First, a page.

Choosing to tell its story largely through its in-game activities alone, and hoping to avoid the heavy grinding of a lot of the Korean MMOs gPotato might be more known for, Allods comes packed with over 1500 quests at the start, which see you traipsing from one island to the next, engaging with a varied ecosystem, and fighting the traditional range of beasts. On our brief demo, wandering through a section of forest, we saw everything from diminutive adders to earth-shaking Astral Demons, horned monsters that burst up out of the ground, taking up a huge chunk of the horizon. Combat has yet to be revealed, but it should fall along traditional melee, ranged, and magic lines, and there's currently a level cap of forty planned.
That's the traditional half of the game covered at least. The second, and more ambitious part of Allods' destiny lies on those giant galleons cruising through the sky, picking their way through the distant rubble before disappearing into the mist.
And it's an exciting prospect: the first time we see one of these huge wooden beasts slip silently past, we're stood on a jetty dangling over empty space, on the outer edge of the wooded Allods we've just hacked our way across, and you can't help but wonder how the game is going to handle such a magnificent delight. "Disappointingly", might suggest itself as the most likely answer, the developer either treating ships as glorified loading screens, or telescoping you out to a fiddly tactical view, firing you through space with a single click of the mouse, and entirely losing the grandeur of the entire prospect.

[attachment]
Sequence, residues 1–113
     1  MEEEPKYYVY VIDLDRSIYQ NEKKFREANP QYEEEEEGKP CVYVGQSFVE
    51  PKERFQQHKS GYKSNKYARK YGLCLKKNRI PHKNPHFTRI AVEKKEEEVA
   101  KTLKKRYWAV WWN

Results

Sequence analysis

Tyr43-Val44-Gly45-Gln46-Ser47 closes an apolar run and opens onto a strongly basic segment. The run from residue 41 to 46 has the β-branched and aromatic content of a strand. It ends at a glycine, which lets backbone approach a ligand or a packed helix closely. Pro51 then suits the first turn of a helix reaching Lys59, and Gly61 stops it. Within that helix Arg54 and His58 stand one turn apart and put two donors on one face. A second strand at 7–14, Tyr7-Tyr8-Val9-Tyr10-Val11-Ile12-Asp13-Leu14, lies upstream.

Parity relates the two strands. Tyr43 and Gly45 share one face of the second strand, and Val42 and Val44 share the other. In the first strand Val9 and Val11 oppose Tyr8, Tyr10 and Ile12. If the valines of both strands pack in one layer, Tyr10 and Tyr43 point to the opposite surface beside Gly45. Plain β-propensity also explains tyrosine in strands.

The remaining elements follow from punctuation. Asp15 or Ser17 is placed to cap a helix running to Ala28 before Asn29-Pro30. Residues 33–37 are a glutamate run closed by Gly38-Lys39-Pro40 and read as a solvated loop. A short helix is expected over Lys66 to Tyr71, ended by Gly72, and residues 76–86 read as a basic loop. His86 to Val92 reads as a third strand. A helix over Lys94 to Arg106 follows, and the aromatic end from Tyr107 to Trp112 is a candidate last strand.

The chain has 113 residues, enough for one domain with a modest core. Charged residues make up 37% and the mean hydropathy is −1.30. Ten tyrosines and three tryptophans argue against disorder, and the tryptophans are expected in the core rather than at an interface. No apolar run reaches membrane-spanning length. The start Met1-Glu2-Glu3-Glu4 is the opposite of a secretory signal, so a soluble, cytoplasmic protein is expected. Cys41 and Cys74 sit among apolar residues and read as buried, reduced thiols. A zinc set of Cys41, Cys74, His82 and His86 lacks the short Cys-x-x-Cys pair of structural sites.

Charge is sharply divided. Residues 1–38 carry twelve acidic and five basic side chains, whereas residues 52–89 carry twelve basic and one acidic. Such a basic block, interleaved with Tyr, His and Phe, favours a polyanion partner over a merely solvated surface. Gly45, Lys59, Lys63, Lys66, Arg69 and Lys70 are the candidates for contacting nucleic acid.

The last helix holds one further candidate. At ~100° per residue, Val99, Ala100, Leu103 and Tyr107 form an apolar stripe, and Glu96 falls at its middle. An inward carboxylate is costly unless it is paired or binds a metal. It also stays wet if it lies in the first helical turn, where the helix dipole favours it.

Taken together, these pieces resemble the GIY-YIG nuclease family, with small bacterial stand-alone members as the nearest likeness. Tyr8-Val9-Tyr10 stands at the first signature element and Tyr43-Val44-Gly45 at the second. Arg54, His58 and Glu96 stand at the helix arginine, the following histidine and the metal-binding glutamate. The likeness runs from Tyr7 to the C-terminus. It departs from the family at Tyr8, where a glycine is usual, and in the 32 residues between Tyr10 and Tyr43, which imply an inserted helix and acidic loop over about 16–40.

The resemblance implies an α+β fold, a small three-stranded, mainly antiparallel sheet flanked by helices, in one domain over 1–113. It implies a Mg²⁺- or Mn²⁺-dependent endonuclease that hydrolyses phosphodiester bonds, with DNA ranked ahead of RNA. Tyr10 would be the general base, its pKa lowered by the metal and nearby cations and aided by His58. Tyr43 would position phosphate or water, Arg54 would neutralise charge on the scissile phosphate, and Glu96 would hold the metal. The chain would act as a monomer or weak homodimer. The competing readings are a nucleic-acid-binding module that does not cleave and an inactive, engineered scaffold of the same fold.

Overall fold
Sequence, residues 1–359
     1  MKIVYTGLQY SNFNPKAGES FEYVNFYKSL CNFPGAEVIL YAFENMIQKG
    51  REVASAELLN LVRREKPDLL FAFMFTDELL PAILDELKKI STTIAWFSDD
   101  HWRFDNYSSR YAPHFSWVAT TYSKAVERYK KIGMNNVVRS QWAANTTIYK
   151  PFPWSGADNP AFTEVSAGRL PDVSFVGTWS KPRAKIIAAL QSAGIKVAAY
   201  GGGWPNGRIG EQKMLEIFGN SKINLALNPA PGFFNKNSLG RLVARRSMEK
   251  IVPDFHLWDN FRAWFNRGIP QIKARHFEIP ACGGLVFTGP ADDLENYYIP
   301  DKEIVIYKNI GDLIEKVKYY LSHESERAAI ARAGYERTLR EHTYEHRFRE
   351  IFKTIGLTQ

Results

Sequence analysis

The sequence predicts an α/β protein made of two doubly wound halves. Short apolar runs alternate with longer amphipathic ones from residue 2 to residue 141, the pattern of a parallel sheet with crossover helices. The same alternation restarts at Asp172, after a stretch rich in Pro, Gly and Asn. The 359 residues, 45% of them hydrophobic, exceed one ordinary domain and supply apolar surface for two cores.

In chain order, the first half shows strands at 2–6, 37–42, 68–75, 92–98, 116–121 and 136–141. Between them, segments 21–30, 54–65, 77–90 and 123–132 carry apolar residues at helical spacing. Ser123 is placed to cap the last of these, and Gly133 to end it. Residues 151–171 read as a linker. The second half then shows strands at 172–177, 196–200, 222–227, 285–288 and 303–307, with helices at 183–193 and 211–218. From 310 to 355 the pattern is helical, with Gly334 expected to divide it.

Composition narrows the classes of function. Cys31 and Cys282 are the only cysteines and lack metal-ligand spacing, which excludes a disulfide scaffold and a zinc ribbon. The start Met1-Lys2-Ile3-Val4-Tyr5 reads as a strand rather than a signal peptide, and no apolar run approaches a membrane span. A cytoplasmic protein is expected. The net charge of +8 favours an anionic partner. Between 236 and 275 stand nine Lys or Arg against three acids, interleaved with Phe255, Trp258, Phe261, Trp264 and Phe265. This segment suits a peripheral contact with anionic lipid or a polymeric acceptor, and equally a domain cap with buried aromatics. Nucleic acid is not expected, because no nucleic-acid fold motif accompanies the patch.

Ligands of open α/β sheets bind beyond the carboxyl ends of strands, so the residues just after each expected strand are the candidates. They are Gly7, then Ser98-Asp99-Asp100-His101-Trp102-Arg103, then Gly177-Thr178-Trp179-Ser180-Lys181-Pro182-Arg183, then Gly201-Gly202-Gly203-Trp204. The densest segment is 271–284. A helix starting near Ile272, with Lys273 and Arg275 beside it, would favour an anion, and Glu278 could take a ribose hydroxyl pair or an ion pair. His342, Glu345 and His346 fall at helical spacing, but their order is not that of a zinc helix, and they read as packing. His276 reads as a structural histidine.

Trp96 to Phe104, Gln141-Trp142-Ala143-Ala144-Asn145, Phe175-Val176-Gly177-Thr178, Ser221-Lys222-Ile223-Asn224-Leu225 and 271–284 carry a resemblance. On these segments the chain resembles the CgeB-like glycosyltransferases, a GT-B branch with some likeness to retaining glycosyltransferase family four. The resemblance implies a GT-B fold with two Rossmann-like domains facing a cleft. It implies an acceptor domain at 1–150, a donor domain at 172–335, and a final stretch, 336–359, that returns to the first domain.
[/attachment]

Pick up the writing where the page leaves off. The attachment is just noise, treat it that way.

The truth is far more promising. Firstly, you'll have to earn your own galleon, a lengthy quest chain seeing you piece your ship together one part at a time, over a matter of weeks. Once it's finally finished, however, it should be worth the wait. Allods' crafts are treated as just another virtual space within the game. They take a crew of at least five players to operate - steering, working the canons, and other seafaring standards making up the jobs - and each activity behaves just as you'd hope it would: pilots making their way to the bridge and manipulating the huge steering wheel, while the twitchier crew members scuttle about on the canon deck, operating the massive wooden plasma guns.
There's a real sense of Master and Commander (even with only a single developer on hand to give us a quick overview), with crew members racing around the bridge and back into the cramped bowels of the ship, everyone with a task to perform. It's daunting to imagine what it will be like with up to 25 clan members occupying the same space.
With a battle underway, it's even more hectic. Attacking ships lurk grimly on the other sides of the hatchways, and flames and fallen spars clog the interiors, forcing you to divide your time between returning fire and getting other members of the crew to think about repairs. Then there are the boarders to fight, enemy players teleporting in either to steal your treasure or blow the central generator to pieces (which will cause you to warp safely to a dock, where you'll need to repair your crippled vessel). Then, just when things couldn't get any worse, a huge Astral Demon might appear off the bow, floating against the sky, towering over both ships, and uniting them, briefly, under a common threat.
It's devastating to watch, but there's no doubting that it's a bit risky, too. In fact, Allods is filled with risks, one of the reasons you can't help but root for it: prettier than many subscription MMOs, it's giving a lot away for free, and betting a great deal on players' willingness to spend money beautifying their ships, and that's even before you get to the simple matter of getting them working in disciplined teams of at least five to make their way through a lot of the content.
Despite such worries, Allods looks thoughtful and polished enough to give you hope. With a rich universe filled with lore stretching out in front of you, the creak of a flying boat beneath your feet, and nothing crucial to pay for between here and the horizon, Allods Online may well justify the $12 million price-tag, and help quietly redefine the free MMO experience in the process.